It was actually kind of like a text-heavy art museum. Virtually all of the displays were framed photographs or copies of documents, though they do have, for example, what is apparently an authentic 1950’s USAF falling-from-great-heights test dummy on loan from somewhere. They still have lots of open space left, which is probably why they went ahead and filled one section with someone’s exhaustive and yet still laughable display on “crop circles”. Oddly enough, the portions dedicated to the actual “Roswell incident” aren’t bad. As you can imagine, I thought the presentation was still a bit overly credulous, but it was nowhere near what I had expected, which was a “balanced” presentation as favored by our mainstream media – that is, something along the lines of “could it be a crashed alien spaceship covered up by a secret government conspiracy, or merely this ridiculous story about a weather balloon?”. Instead, it looks like they’ve just collected as much as they could in the way of newspaper clippings, photographs, affidavits, reports, hypotheses (including, yes, the whacky ones) and so forth, and tried to present them all.
There was one really spooky thing I saw in there though:
This map near the entrance is for visitors to mark where they’ve come from. I immediately noticed the odd clustering that seems to run from New Mexico, curving up through Texas, and up to Illinois. I mentioned this to my Minister of Domestic Affairs, who happens to be a geophysicist with a Ph.D. “Tornado Alley“, she immediately recognized and pointed out to me.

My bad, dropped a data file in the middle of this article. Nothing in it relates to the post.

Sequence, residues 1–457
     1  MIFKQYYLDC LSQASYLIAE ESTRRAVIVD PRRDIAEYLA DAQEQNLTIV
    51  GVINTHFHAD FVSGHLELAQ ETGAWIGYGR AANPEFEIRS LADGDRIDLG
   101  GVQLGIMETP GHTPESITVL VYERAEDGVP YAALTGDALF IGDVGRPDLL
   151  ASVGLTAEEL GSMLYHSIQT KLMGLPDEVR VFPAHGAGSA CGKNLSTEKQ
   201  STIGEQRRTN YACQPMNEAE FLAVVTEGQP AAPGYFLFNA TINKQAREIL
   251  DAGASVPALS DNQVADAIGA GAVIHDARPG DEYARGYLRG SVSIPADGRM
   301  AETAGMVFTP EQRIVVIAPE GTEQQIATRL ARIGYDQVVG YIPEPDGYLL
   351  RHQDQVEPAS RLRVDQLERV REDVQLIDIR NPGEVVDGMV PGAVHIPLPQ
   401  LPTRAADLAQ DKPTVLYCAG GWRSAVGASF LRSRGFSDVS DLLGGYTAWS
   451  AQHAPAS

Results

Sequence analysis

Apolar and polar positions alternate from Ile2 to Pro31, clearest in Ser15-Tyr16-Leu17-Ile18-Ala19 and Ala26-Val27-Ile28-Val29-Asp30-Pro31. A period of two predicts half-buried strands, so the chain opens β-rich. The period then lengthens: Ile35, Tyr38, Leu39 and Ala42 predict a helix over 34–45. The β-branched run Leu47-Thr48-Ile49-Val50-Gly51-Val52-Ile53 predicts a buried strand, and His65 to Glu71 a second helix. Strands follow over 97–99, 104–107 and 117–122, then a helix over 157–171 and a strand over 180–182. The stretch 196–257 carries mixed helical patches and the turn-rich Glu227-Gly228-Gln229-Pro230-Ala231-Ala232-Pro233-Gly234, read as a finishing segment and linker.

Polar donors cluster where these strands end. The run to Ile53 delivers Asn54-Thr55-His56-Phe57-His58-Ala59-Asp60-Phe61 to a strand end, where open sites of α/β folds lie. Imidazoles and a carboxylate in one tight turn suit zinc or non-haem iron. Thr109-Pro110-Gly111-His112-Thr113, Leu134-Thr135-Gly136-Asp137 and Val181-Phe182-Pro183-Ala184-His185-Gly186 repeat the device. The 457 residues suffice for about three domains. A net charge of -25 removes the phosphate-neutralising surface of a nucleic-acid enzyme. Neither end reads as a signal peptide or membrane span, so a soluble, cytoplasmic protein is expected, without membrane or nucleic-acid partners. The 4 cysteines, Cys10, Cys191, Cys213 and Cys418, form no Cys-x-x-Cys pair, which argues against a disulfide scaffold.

You all see, dear readers, where I’m going with this, don’t you? It’s so obvious:
- Tornadoes love trailer parks, right?
- What’s the stereotype of the kind of person who sees UFO’s or is abducted by aliens? The kind of people who are assumed to live in trailer parks, right?
- All those blurry photos of UFO’s come from devices for recording visual images, like, say, camcorders. Right?
- And, finally, it is a scientifically documented fact that the occurence of tornadoes can be correlated to the combination of camcorder sales and trailer park presence.
- This proves space-aliens cause tornadoes, perhaps to flush potential abductees out of hiding.
I eagerly await further research on my groundbreaking hypothesis.
Meanwhile, what’s a museum without a gift-shop, where fine and tasteful products may be purchased?
Uh…or maybe not.
On a final note, I must say I approve of their unattended-child policy, though I have to admit I like the “free puppy and an espresso” one better.
 Wu F:”TORNADOES AND TRAILER PARKS: A STATISTICAL CORRELATION” Ann. Imp. Res.; Jul/Aug 1995 (1:4); pp 26-27 (also available online here).
4 thoughts on “Was I abducted by aliens? Or am I just full of $#!+?”
Damn, sounds like you’re having a pretty awesome trip.
I haven’t heard the ufo-tornado hypothesis before. Definitely deserves further research, although creating a repeatable experiment could prove to be difficult. I suppose observational data will have to be compiled.
Looks like storm chasing is on the agenda!
Update: I should be careful what I ask for, as there was an outbreak in my general location yesterday.
Obviously they found out that you read my blog, and they were warning you that you now Know Too Much™…
Well…I will take all this with a grain as it is being posted by someone who has lived in a trailer and will soon be a proud resident of Texas. Why do I imagine a warm can of Pabst Blue Ribbon sitting next to the computer as you typed this!